Data Catalogs – Governing & Provisioning Data in a Data Driven Enterprise (7 June 2024, Live Streaming Training)
Smart Infrastructure & Smart Applications for the Smart Business – Infrastructure & Application Performance Monitoring
Building a Competitive Data Strategy for a Data Driven Enterprise (17 May 2024, Live Streaming Training)
Data Warehouse Automation & Real-time Data – Reducing Time to Value in a Distributed Analytical Environment
Over the last year or so I have noticed a real surge in companies using or evaluating products to rapidly develop dashboards. In my consulting activities in this area, I have been amazed at the reliance on one particular primary source of data that users have latched onto in dashboard development. This is of course Excel data. While there is nothing unusual about Excel data, it is the trait that users almost ‘prefer’ to access Excel data (because they are familiar with Excel) that I find concerning. Many users seem to either just have these spreadsheets or are downloading data into Excel from a range of data sources including operational systems, flat files (perhaps supplied from some other department or system), data marts and data warehouses. Once data is ‘in the wild’ like this, it takes on a life of its own with people manipulating it and sending it to others via email attachment. It’s like data management just got left behind.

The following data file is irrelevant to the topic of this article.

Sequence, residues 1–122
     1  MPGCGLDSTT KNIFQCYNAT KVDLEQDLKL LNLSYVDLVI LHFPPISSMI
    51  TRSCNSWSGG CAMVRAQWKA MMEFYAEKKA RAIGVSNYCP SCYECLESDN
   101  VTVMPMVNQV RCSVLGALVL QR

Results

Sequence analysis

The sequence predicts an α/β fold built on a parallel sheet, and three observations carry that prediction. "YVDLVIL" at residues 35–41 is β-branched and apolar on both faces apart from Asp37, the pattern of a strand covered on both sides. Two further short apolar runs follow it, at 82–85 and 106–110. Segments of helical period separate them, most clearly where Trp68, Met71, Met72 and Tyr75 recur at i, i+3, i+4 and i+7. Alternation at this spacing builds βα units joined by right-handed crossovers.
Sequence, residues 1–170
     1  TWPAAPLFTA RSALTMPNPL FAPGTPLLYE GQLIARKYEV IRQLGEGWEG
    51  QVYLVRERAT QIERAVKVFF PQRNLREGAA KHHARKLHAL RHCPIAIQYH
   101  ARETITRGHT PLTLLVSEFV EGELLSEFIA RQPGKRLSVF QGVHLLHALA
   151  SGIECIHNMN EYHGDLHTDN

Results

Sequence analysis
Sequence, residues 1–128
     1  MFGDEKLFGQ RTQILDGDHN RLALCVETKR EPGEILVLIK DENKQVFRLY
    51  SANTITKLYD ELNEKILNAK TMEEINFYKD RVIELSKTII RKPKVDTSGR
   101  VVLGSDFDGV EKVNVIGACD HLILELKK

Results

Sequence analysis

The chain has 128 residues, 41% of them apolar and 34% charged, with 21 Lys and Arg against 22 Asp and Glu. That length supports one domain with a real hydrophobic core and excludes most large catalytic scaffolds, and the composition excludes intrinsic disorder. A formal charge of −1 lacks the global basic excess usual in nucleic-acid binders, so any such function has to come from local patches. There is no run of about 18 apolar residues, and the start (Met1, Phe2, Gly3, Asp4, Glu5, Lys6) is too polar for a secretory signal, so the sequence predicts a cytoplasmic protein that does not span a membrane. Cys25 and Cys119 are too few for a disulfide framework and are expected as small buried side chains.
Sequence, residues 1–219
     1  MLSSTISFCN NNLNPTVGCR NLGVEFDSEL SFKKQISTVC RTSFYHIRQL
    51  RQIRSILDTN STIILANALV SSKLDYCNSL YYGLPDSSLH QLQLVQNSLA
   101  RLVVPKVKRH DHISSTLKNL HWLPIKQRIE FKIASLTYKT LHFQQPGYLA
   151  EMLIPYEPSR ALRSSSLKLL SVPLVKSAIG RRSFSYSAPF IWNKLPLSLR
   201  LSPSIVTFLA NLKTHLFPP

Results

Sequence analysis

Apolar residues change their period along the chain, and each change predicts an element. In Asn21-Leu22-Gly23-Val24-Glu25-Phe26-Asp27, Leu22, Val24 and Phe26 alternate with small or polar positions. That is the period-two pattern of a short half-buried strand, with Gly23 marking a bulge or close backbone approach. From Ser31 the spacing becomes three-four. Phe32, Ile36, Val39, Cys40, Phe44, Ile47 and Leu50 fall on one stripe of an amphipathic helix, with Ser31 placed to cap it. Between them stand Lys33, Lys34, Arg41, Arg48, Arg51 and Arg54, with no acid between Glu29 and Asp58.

While Excel can never be ignored in any organisation, the increasing demand to analyse Excel data raises questions as to whether or not that data can be trusted especially if you have been sent this data in your email. It brings back the issue that has plagued many companies for years when it comes to Excel. Do you know where the data in the spreadsheet came from? How do you know you have the right version of the spreadsheet? Are spreadsheets managed? Is there other server side data sources that can be accessed from the dashboard tool that would give you more confidence in trusting the data?
With Office Excel 2007 increasing the maximum limit on the number of rows in a spreadsheet from 64000 to 1 million, my concern is that the increasing demand for dashboards will raise the likelihood of million row “spreadmarts” being created all over the organisation by business users rather than pointing dashboards at server side data in a BI system. Only time will tell however policy is clearly needed around spreadsheet management and dashboard development if we are to remain in control of the data and have confidence in it. I would be interested in hearing from many of you out there who are encountering this problem and what you are doing to manage it.